kitchen

How to Stock Your Weeklong (or Monthlong) Vacation Rental Kitchen, According to Chefs

Photo-Illustration: Netflix

Some people’s idea of a winter getaway is fleeing somewhere warm. Others, though, like to lean into the season — heading somewhere cold and renting a house to hole up in. If that’s your cup of tea — whether you’re planning to spend your vacation skiing down snowy slopes, exploring a new city by foot in your puffiest coat, or just spending all your time reading by the fireplace — there’s nothing quite as good as getting cozy, turning on the oven, and cooking dinner at the end of the day.

No matter where you are or what you’re doing, though, you’d be wise to bring along your own kitchen essentials. Rental kitchens are rarely well-stocked. You don’t need to replicate your home kitchen, of course, but a tiny pot and dull knife will not get you very far.

With that in mind, we reached out to several chefs to get their recommendations on what tools and pantry items are nonnegotiable to pack along with your sweatpants and boots (and we even culled our archives for some travel-worthy goods from stories past). Here’s everything you could possibly need.

Tools

Knives you find in a rental house are usually dull. So bring your own chef’s knife (and maybe invest in a knife roll to prevent it from slipping out and accidentally cutting someone). “One of our favorite knife brands is Shun, but pretty much any sharp knife will do,” say Elise Kornack and Anna Hieronimus, who ran Michelin-starred restaurant Take Root. “This size of chef’s knife is very versatile, and can come in handy for anything from chopping fresh herbs to breaking down a chicken. Plus, a good chef’s knife is a great investment.” For her part, Emily Fiffer, co-owner of Botanica in Los Angeles, uses a vegetable butcher’s knife, which is more of a small cleaver with a thin blade. It’s particularly great for cutting vegetables, which is what Fiffer mainly works with, but just as versatile as a chef’s knife if you need to handle a delicate task, or cut up a piece of fish.

A rental may very well have a cutting board, but it’s hard to be sure how much a cutting board has been used or how well it’s been cleaned. So bring your own. “It’s important that you have a fresh and clean surface to prep meals,” Kornack says. “Personally, we like wood because it’s less slippery.”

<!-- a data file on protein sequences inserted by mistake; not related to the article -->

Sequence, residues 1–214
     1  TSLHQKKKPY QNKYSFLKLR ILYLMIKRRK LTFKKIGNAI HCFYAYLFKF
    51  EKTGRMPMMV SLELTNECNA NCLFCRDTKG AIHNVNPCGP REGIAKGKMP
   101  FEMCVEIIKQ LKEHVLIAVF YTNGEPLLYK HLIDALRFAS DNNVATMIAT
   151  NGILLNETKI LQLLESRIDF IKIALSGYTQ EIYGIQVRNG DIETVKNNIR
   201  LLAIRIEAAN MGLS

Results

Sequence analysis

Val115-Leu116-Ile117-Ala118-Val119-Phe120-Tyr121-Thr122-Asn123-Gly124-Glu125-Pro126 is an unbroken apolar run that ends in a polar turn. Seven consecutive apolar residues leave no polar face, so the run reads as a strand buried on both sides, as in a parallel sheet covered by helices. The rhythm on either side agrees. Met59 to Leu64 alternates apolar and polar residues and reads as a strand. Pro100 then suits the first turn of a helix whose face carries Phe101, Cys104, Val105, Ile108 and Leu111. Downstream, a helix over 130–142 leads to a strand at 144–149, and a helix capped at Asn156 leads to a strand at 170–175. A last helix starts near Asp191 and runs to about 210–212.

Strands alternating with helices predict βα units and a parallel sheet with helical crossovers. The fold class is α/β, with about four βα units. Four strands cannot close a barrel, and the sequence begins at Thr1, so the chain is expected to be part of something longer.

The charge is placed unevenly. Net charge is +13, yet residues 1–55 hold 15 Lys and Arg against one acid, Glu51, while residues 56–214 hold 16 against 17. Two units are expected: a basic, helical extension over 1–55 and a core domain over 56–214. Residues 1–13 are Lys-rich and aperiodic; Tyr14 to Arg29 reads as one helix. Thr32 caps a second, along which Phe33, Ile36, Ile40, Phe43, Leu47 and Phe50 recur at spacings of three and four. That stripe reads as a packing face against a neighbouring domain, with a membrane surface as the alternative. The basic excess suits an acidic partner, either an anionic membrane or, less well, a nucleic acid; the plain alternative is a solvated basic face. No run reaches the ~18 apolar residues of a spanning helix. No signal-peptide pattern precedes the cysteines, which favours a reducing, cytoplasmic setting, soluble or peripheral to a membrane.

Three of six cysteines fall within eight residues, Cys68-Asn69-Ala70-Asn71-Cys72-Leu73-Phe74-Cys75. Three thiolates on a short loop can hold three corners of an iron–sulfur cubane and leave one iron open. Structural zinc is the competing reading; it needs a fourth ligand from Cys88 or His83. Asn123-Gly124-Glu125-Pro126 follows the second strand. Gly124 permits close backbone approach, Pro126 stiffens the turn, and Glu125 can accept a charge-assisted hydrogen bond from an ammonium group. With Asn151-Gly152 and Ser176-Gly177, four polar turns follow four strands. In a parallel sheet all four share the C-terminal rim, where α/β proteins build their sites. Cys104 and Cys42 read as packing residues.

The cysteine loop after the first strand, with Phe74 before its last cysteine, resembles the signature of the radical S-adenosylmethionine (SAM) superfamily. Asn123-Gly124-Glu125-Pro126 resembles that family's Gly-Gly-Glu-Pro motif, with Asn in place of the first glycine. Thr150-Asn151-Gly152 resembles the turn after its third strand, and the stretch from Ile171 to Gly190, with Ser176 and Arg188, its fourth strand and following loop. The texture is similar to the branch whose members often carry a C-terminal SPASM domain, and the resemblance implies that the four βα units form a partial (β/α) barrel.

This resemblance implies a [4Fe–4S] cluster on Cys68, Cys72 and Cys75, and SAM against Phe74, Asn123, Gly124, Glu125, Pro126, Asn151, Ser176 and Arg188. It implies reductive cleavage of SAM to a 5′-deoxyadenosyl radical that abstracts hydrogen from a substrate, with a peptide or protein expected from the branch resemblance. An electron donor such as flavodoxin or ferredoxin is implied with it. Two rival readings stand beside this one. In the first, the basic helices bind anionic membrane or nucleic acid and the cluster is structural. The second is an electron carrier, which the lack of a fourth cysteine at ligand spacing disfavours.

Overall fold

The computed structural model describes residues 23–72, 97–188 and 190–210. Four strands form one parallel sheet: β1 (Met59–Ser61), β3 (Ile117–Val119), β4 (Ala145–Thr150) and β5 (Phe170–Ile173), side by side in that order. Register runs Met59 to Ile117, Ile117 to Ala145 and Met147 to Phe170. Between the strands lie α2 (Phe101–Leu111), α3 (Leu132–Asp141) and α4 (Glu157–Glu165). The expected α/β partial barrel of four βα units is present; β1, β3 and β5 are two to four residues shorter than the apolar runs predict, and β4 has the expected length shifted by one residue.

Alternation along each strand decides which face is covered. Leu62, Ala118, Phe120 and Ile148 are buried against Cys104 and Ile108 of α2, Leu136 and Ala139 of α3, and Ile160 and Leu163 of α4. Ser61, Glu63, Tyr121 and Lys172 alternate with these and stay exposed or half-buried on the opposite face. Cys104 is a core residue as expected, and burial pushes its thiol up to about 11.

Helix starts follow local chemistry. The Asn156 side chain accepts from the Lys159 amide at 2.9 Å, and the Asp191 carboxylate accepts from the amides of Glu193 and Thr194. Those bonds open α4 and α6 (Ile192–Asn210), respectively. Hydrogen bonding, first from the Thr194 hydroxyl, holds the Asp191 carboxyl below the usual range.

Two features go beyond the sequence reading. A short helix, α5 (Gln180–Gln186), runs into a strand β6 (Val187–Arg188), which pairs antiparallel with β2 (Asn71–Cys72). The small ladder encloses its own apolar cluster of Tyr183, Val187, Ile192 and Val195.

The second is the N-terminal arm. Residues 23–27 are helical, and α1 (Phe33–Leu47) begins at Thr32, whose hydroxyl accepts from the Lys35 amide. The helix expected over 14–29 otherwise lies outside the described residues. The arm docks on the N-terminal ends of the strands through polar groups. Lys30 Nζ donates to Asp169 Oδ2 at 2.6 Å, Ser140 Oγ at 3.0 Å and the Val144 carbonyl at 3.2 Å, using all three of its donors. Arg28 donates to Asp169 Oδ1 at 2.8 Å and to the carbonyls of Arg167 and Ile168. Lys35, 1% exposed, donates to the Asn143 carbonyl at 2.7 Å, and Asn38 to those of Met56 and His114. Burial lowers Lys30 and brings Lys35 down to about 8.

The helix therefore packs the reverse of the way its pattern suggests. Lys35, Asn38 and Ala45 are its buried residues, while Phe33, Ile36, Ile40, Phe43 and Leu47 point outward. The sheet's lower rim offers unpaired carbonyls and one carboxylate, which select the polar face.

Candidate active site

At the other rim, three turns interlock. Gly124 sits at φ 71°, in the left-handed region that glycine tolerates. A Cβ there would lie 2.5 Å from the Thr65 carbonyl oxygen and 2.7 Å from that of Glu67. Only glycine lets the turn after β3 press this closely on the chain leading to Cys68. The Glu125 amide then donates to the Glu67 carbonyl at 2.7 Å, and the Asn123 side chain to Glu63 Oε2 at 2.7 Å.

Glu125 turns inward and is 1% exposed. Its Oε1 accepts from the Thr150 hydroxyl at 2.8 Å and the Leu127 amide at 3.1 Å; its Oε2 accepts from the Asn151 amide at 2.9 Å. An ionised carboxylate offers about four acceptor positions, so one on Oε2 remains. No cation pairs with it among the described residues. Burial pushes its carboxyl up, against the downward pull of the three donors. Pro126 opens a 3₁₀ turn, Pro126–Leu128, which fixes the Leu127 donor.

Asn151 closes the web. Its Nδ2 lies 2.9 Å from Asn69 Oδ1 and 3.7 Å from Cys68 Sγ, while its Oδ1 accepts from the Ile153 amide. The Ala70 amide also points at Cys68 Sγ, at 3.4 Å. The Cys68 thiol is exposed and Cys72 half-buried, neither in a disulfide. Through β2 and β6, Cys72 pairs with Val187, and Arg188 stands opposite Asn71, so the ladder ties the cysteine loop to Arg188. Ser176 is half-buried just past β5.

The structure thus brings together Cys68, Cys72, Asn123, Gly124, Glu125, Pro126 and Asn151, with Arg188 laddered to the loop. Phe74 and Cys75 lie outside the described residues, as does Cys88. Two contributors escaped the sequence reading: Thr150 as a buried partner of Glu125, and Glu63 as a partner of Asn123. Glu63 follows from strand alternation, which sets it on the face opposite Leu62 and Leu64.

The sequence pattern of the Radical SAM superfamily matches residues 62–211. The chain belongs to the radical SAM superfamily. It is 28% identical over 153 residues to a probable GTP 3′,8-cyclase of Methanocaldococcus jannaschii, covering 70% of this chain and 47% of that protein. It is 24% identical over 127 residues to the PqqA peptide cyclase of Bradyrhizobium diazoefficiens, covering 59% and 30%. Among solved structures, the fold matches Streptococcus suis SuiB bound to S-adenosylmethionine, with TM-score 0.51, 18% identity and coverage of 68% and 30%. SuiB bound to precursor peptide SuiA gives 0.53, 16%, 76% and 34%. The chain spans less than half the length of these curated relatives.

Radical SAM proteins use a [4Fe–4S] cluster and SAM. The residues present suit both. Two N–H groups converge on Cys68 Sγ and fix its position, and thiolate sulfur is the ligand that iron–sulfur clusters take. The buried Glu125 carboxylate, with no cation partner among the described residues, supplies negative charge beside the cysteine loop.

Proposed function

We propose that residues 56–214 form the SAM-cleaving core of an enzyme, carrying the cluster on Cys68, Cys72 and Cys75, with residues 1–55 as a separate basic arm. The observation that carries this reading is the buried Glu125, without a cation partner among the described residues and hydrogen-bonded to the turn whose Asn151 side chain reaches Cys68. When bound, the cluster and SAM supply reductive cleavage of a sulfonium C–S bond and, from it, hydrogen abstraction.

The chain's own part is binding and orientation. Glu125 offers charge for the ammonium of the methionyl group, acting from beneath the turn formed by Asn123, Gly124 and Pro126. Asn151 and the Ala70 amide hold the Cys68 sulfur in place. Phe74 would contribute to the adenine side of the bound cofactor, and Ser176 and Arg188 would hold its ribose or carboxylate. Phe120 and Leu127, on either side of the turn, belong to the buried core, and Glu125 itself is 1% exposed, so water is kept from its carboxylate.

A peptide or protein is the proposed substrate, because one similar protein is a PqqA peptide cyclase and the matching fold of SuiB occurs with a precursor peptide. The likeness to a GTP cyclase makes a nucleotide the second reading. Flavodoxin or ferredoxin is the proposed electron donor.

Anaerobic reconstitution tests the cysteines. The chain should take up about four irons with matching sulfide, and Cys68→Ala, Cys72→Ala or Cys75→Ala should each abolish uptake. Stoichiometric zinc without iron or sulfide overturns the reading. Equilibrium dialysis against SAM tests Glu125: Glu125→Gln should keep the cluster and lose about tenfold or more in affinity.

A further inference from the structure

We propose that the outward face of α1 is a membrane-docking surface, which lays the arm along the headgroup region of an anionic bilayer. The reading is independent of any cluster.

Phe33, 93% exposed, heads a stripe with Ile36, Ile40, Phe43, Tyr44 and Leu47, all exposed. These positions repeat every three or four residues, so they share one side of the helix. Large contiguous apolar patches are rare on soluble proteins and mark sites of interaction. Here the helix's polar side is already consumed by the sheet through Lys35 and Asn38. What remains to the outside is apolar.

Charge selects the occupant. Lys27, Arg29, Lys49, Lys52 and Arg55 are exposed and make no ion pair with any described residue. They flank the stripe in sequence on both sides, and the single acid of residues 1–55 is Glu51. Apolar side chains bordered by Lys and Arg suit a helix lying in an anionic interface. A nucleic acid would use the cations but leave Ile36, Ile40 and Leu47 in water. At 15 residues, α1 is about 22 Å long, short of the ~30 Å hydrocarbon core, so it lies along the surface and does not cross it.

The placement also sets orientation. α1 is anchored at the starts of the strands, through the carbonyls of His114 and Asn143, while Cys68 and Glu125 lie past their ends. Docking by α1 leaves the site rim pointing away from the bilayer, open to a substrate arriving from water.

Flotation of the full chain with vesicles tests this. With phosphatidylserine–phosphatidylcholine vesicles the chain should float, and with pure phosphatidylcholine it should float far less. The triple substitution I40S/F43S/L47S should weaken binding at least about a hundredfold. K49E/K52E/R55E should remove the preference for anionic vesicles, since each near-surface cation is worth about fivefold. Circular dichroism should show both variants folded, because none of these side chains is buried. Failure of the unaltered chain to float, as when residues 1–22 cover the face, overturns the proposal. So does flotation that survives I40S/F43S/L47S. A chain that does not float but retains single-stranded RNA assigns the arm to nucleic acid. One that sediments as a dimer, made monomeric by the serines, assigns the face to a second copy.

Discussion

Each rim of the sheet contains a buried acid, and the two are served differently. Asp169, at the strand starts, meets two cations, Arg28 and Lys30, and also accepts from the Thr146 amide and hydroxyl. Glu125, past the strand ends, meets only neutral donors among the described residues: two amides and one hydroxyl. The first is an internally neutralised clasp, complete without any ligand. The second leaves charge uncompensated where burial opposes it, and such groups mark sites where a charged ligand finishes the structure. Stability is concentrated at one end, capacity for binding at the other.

Photo: retailer

Instead of bringing a carful of paper towels to your rental, consider the humble, eminently reusable bar towel, a staple of any restaurant or bar. “These towels are zero waste and are super inexpensive for a dozen,” Kornack and Hieronimus say. “They can be reused and washed over and over.”

Of all the kitchen tools that may be missing at your rental, a good can opener is one of the most likely objects you won’t be able to find. Plus, as Hieronimus and Kornack point out, “they can also double as a bottle opener.”

Sheet pans are a kitchen workhorse, ideal for roasting vegetables or fish, toasting nuts, baking late-night chocolate-chip cookies, and so much more. Fiffer is a fan of quarter sheets (half the size of the standard baking sheets you find in most kitchens). “Not only are they easier to travel with,” she says, “but you can roast multiple things in your oven at the same time and take each one out as needed.”

If you’re starting to worry about how you’re going to fit all this stuff into the trunk of your rental, don’t. Last winter, Hieronimus’s mom gifted her this multi-tool, which features a cheese grater, zester, garlic crusher, channel knife, small paring knife, serrated knife, peeler, fork, spoon, bottle opener, corkscrew, and can opener. “We take it everywhere we go,” says Hieronimus. “It has everything you need to prep an entire meal, whether you’re in a rental or by the campfire.” Plus, it’s stainless steel, so it won’t rust.

While the above tool really does it all, Fiffer prefers to just bring a microplane. “You can use it to grate garlic for a vinaigrette or aioli. You can use it to zest citrus, which makes pretty much everything taste better. And you can even use it for cheese,” she says. “Basically, it’s the ultimate garnisher.”

The more remote your rental is, the less likely it is that there will be a third-wave coffee shop or Starbucks anywhere nearby, so you’re going to want your own coffee-maker. Kornack and Hieronimus, who say “morning coffee is a ritual we swear by,” prefer a French press for at-home coffee-making and for travel. “A coffee press produces no waste, compared to a coffee machine that uses coffee pods or a filter,” they point out. “The leftover coffee grounds are also a great addition to any compost or garden. This year we poured our excess grounds around our strawberry plants and they are producing more berries than last season.” Also an avid coffee drinker, Fiffer likes a Chemex. She’ll grind her beans before she leaves home (assuming she’s not going for a super long time) and take a scale, too, to weigh them out each morning.

If you’re bringing a coffee maker, you’re going to need a grinder, too — at least for a super-fresh cup. In our roundup of the best coffee grinders, several of our experts pointed to the Porlex manual grinder as a favorite, especially for traveling, when you’re definitely not lugging your hefty electric model with you.